Life as an international in Denmark, one of the world's most homogenous countries, isn't always easy. In Denmark’s longest-running English-language podcast, Kay Xander Mellish, an American who has lived in Denmark for more than a decade, offers tips for enjoying your time in “the world’s happiest co… read more
April 1st is April Fool’s Day – Aprilsnar in Danish – and each Danish newspaper will feature a clever but false story for the unwary to be fooled by.
To some extent every day is April Fool’s Day in Denmark, because Danish humor is a rough humor. Danes show affection by making fun of each other. And, as an international, they might make fun of you too.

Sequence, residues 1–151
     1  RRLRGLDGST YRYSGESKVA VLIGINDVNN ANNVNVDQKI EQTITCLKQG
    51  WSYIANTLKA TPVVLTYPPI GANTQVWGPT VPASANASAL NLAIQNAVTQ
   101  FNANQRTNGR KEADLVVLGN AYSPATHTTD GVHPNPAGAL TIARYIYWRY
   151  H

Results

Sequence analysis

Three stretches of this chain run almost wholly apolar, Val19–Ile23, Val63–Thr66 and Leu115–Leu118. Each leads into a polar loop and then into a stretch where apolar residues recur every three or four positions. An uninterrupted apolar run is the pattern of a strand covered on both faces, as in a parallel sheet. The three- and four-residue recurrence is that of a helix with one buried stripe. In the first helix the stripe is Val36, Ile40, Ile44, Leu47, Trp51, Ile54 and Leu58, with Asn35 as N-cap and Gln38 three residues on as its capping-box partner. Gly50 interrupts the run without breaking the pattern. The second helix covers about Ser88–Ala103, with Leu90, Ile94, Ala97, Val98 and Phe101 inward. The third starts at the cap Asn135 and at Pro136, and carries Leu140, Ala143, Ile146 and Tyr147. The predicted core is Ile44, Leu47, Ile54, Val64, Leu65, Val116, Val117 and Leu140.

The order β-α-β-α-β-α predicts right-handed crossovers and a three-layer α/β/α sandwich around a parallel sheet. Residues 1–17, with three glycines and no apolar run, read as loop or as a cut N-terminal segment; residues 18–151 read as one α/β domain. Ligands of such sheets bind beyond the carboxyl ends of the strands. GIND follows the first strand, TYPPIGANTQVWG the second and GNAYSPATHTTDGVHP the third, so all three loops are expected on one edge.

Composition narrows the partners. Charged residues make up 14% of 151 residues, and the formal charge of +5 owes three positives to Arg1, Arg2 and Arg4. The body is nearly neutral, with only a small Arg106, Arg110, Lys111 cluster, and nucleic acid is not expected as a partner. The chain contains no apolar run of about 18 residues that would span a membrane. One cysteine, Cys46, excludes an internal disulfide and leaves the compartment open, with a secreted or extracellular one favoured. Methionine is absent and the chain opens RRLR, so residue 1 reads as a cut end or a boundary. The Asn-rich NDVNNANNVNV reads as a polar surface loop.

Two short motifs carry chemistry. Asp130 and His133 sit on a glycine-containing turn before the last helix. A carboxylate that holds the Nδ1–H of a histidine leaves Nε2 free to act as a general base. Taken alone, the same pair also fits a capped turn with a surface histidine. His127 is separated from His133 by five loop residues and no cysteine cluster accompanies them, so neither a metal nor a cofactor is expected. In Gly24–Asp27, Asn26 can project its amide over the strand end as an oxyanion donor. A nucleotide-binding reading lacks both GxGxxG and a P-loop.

This is a good thing: that means they have accepted you into the circle of Danishness.
But it doesn’t mean that the intersection of non-Danes and Danish humor is entirely painless. If you come from a culture where you are easily offended – and that, unfortunately, includes the American culture these days – you may spend a lot of time with your feelings hurt.
If you come from a culture where honor or face is prized, the Danish insistence on taking nothing seriously and taking everyone down a peg can be shocking.
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